Common injuries of the lower leg, foot and ankle
Ankle sprains are by far one of the most common injuries in sport. They are usually caused by rolling the ankle on uneven ground, or changing direction suddenly. The injury is sudden, painful and typically playing on is not possible. Pain and swelling is localised and easy to pinpoint, the ankle is tender to touch and often cannot be walked on.
Physiotherapy treatment immediately involves reducing and controlling pain and swelling through rest and ice, strapping and reducing weight-bearing through the foot. Medium to long term, it is essential to rehabilitate the lower leg and ankle for balance, strength, coordination and good mobility. Once an ankle is weakened, it is very common to re-injury the ankle.
Calf muscle strain
The calf muscle is at the back of the lower leg and gives you power to push off when walking and running. A strain of this muscle feels like a sudden sharp pain followed by difficulty using it. Most commonly, the calf suffers injury midway between the knee and ankle. Common causes of this injury are failing to warm up sufficiently or a sudden change of direction.
Physiotherapy treatment involves initially settling and controlling the pain and amount of swelling through ice, rest and gentle massage. As the pain decreases, a calf muscle strengthening and lengthening program of exercises, followed by sport and activity-specific exercises are essential to prevent re-injury. Never return to sport or activity until the pain is completely diminished.
The Achilles tendon is the largest and thickest in the body, it connects the calf muscle of the lower leg to the heel of the foot. Tendonitis or inflammation of the tendon can be sudden or chronic due to overuse. Common causes are sudden straining while landing suddenly or jumping, many years of running, poor footwear or foot biomechanics, tight and weakened calf muscle or a sudden increase in activity levels.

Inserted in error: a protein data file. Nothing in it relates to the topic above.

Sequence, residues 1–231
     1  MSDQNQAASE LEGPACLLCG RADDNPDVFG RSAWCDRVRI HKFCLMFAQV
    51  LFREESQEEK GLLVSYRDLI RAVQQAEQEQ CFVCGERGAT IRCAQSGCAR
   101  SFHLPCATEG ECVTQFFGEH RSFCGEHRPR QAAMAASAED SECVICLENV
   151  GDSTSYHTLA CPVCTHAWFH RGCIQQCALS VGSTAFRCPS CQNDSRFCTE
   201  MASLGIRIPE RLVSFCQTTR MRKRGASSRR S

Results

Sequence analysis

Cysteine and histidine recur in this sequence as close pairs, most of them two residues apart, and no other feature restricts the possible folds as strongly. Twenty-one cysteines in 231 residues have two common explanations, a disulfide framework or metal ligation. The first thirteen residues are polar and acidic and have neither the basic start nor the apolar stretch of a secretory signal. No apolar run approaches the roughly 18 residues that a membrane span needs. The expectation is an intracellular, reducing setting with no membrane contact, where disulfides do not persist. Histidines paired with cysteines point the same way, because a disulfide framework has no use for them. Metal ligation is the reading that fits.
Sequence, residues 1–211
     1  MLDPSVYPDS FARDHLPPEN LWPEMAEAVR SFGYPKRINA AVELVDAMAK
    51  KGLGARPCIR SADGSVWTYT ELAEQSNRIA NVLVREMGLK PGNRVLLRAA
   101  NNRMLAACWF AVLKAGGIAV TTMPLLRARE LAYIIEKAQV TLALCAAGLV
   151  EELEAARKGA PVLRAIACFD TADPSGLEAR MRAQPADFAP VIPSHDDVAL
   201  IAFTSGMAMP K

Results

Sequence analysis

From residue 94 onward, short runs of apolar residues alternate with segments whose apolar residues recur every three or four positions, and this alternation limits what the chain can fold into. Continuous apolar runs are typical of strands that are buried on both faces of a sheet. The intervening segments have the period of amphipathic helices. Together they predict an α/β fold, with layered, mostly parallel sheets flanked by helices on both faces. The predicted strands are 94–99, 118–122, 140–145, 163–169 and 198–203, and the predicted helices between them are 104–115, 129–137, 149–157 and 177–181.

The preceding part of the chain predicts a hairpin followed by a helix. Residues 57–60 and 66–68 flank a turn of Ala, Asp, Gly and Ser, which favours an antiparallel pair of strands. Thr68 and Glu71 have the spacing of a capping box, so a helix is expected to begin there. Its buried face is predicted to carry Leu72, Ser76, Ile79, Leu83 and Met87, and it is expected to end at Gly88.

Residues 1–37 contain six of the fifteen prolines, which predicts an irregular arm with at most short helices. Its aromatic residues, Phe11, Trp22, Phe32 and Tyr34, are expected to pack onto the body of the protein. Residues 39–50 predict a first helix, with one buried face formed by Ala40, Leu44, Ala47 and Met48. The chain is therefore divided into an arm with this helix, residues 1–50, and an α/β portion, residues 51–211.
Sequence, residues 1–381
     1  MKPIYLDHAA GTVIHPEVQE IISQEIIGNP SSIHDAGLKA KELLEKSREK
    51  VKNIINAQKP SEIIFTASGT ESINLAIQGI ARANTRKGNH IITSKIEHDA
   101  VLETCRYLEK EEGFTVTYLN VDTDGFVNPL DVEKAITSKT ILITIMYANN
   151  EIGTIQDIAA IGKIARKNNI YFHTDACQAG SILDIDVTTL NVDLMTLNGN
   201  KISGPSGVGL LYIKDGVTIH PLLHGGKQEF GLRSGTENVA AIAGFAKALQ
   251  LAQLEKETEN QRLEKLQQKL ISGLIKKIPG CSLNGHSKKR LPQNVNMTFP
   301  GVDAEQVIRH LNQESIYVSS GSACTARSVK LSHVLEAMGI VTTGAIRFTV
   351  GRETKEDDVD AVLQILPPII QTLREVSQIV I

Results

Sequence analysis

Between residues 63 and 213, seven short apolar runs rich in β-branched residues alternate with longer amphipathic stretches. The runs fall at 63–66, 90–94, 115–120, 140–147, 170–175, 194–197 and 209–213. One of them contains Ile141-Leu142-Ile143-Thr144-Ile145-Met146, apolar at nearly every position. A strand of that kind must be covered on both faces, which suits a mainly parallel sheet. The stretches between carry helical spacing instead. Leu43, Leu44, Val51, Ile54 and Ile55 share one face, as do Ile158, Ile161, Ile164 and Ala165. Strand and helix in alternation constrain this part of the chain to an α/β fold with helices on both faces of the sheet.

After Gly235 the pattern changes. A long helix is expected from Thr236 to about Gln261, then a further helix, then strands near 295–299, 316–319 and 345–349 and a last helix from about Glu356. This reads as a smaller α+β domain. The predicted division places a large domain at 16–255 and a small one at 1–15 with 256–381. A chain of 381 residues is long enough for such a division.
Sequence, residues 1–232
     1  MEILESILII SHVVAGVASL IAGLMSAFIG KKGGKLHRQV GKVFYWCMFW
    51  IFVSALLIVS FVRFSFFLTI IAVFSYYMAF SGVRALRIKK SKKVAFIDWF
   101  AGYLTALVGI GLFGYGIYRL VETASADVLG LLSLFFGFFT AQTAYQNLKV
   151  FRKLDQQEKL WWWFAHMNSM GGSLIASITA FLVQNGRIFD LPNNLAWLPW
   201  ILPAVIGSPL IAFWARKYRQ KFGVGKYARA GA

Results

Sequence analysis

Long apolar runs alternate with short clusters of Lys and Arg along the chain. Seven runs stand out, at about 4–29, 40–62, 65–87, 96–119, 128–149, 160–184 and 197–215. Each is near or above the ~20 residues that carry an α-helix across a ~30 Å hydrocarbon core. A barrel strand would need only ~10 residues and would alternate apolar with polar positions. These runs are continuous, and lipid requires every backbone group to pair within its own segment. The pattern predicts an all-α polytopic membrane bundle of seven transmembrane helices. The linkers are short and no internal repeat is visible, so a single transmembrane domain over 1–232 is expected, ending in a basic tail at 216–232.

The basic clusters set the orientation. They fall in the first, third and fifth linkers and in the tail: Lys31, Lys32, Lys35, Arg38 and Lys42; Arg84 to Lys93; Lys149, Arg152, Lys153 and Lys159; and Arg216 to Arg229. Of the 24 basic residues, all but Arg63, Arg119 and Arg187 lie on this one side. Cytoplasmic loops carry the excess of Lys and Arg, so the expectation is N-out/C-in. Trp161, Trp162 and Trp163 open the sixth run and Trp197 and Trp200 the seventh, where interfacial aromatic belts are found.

Pain associated with Achilles tendonitis is moderate to severe, can feel like it is "burning", is typically worse in the morning when first out of bed, and is often accompanied by localised swelling at the tendon above the heel.
As with all other foot and ankle injuries, immediate rest and controlling of pain and swelling is then followed by an exercise program. This exercise program aims to both strengthen and lengthen the calf muscle and Achilles tendon. There may also be the need to address the strength and coordination of the knee and hip above if there is poor stability and control of these joints.
Heel spurs and plantar fasciitis
The plantar fascia is a thin layer of tough tissue that spans the arch of the foot. It acts to support the inside arch of the foot, however, with over-stretching, it can become microscopically injured and cause pain at the heel. Over-stretching is caused by poor foot biomechanics such as over-pronation, poor unsupportive footwear, tight Achilles tendon or hyper-mobility of the joints.
Common complaints when suffering from this injury include pain on the sole of the foot, commonly at the heel and pain when getting out of bed and first steps if the morning. Pain can feel like a "burn".
Physiotherapy treatment involves thorough assessment of the lower leg alignment and mechanics. Deep massage of the calf and lower leg muscles, strapping, orthotics and heel raises are all possible management strategies.
Osteoarthritis (Hallux valgus)
Osteoarthritis is the slow erosion or wear and tear of the joint surface made of cartilage. It is common in joints that work a lot in the human body. This can be said of the big toe and arthritis and the often accompanying deformity is called hallux valgus or bunions.
Physiotherapy managements aims to control the pain of the big toe joint by providing education about appropriate footwear, prescription of orthotics, bunion pads or toe spacers to improve arch support, bone alignment and therefore forces on the big toe. Referral may be made on to podiatrists or even orthopaedic surgeons to discuss surgical options for management of toe deformities that impact too greatly on the quality of life.
Shin splints is the term commonly used to describe pain of the front of the lower leg. This can include stress fractures of the shin bone (tibia), muscular imbalance causing tendonitis or compartment syndrome which is caused by blood flow problems through exercising muscles of the lower leg.
Pain of this sort is often worse with activity and exercise, decreases with rest and worse with impact. Night tine pain and aches is typical also. It is caused by a sudden increase in activity, poor unsupportive footwear and over exercising.
Physiotherapy treatment must include an excellent diagnosis and referral on to the correct medical practitioner if stress fractures or compartment syndrome is suspected. Shin splints due to poor muscular balance is managed well by a physiotherapist, with rest, deep massage and exercise programs to target lower limb and pelvic stability the usual paths to take.